eCommerce Strategy

What about Linkedin?

Jun 07, 2011   •   3 Min Read

You created a Facebook page, you have started pumping out content on Twitter, and you’ve even optimized directory listings and local search listings. You’ve got social media covered, right? Wrong. You are leaving out one very important player in the social media mix, Linkedin.

Just this month, Linkedin reached a major milestone, becoming the first ever social networking site to be traded publicly. According to the Digital Journal, on the day of the Linkedin market debut, the New York Stock Exchange estimated the professional networking site to begin trading at $42.00 a share, however the site exceeded the expected trading price by nearly 90% and soared to $83.20 a share, making the valuation of the company somewhere around $10.25 billion. Clearly, there is huge demand to invest in social media stocks, and given the impressive performance of Linkedin on its very first day trading publicly, it is obvious that investors are anxious to put their money on the success of social networking.

In March of 2011, Linkedin hit 100 million members and are now growing at roughly 1 million new members a week, according to Jeff Weiner, CEO of Linkedin. With a worldwide network this large, your potential for generating connections, leads, and sales is huge.

Not only is the size of the network important, the quality of it is as well. Facebook allows anyone and everyone to join, starting at age 13. So when you are marketing your business through that channel, you never know how many of your actual target customers you are reaching. Your business may have 1,500 fans, but how many of them are actual customers with buying power? Linkedin is a professional networking site, it appeals to a much more segmented group of people that want information about your business and industry, not just to see the latest sale or promotion you offer. If you are not reaching this audience, you are missing out on expanding your reach and visibility to an important segment.

Create a Profile for your Business

The first step in leveraging any social channel is claiming and optimizing your business profile. Linkedin keeps things relatively simple, just upload a short description, add your contact information and URL, and upload your logo. When writing a description, keep in mind what the audience is interested in (Hint: It’s probably not a regurgitation of your “About Us” page).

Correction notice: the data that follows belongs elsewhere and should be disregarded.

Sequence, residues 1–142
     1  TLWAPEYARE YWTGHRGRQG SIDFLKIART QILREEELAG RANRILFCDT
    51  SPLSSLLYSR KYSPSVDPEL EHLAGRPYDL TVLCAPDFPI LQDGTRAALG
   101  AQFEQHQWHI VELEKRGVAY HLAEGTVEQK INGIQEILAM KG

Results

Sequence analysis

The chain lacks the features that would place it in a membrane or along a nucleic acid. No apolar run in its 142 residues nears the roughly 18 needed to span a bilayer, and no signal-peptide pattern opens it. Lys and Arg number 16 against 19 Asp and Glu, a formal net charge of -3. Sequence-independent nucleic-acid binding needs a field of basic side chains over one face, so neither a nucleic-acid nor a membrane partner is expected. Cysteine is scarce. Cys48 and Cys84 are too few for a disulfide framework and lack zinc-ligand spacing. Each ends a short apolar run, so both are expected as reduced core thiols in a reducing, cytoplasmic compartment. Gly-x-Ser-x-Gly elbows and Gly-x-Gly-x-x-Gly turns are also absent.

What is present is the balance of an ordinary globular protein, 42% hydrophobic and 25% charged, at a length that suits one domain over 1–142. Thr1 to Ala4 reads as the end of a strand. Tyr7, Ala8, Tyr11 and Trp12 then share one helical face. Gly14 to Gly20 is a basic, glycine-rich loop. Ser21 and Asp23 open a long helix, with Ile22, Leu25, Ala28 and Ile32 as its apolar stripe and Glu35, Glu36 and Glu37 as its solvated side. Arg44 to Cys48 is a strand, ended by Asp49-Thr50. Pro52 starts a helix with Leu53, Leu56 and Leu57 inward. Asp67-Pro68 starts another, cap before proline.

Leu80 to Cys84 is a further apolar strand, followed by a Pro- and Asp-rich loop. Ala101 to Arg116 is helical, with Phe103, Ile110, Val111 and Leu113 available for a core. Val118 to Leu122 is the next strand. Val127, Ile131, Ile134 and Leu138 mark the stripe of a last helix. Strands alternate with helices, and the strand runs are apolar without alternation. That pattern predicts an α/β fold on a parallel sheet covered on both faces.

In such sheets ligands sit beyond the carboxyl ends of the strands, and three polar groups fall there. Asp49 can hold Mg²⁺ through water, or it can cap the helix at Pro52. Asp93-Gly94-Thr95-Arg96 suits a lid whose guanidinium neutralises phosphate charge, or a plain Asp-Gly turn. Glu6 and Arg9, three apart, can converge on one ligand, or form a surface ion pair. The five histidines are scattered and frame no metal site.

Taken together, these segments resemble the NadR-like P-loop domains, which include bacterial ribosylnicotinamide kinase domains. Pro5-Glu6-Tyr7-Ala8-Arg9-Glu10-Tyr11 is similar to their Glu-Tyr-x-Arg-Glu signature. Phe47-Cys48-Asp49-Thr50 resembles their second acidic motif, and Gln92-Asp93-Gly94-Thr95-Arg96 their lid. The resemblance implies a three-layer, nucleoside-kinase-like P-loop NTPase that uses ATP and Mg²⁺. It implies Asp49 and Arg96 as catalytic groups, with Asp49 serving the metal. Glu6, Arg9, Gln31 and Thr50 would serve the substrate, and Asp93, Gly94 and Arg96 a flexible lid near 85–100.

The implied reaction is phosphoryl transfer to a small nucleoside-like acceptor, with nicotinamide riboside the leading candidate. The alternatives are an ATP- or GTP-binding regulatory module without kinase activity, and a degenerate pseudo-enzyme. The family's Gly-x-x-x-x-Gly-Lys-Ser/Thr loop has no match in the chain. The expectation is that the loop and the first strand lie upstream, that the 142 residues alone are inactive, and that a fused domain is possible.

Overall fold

Something you should consider doing when optimizing the profile is setting up campaign tracking through your site analytics provider. With a tool like Google Analytics Campaign Tracking, you can tag the URL on your business profile so that you are able keep track of each time someone arrives at your site from the Linkedin business profile. Most Analytics providers will already show referrals from Linkedin, but Campaign Tracking can help you get even more detailed information.

Leverage your Employees

Since Linkedin is primarily used for individuals, it is important to get your employees and coworkers on board with optimizing profiles. Depending on the size of your company, it might be a good idea to develop a set of guidelines for Linkedin and other social media sites. You may want to specify a company description and the appropriate URLs to use. That way your entire company has a cohesive and branded presence.

Another important aspect that can be overlooked is obtaining ‘Followers’ on Linkedin. You should ask that your employees ‘Follow’ the company in order to get the ball rolling. It’s the classic “Empty Bar scenario”; people want to be at the cool bar, not the empty bar. So gain some momentum from employees and begin getting ‘Followers’.

Create Content

You can utilize Linkedin to drive more traffic to your business’s website by creating groups, pushing content, and including links.

Linkedin allows users to create their own group. Businesses can use this functionality to target segments of their customers. For instance, a company that sells biking products may create or join a group that is for fans of off-road biking. This group will give you visibility into what customers are talking about and even allow you join in on the conversation. There is a huge opportunity to place strategic links back to a blog article on your site or to a specific product through participating in these targeted discussions.

Also, Linkedin has a newsfeed similar to that of Facebook. It allows users to publish updates, share information, and increase connections. As an online business you can use this as another opportunity to grab some traffic. Remember, Linkedin is different from Facebook and Twitter in that it is not considered a personal communication platform so obvious direct selling techniques and self-promotion will not go over well. You should have a unique content strategy for Linkedin that is focused on providing information to a professional audience.

Why is Linkedin Important?

Google has begun pulling social media profiles into its search engine results. By claiming social media profiles, you will be helping your business to “own” the entire first page of search results for the company’s name and thereby adding credibility and an indication of size.

Linkedin has been one of the most consistent top referrers to the Groove Commerce site. Our Analytics proves that a legitimate amount of traffic comes from this social media channel in particular (most of the time beating out Facebook referral traffic). I hate to think of all the missed opportunities we might have if we had decided to ignore Linkedin as part of our social media strategy.

At the end of the day, no one believes that Linkedin is going to cause their business to skyrocket to the top of the SERPs overnight, but the point is, it provides an opportunity to drive an important audience back to your site and that is valuable to any business regardless of industry.

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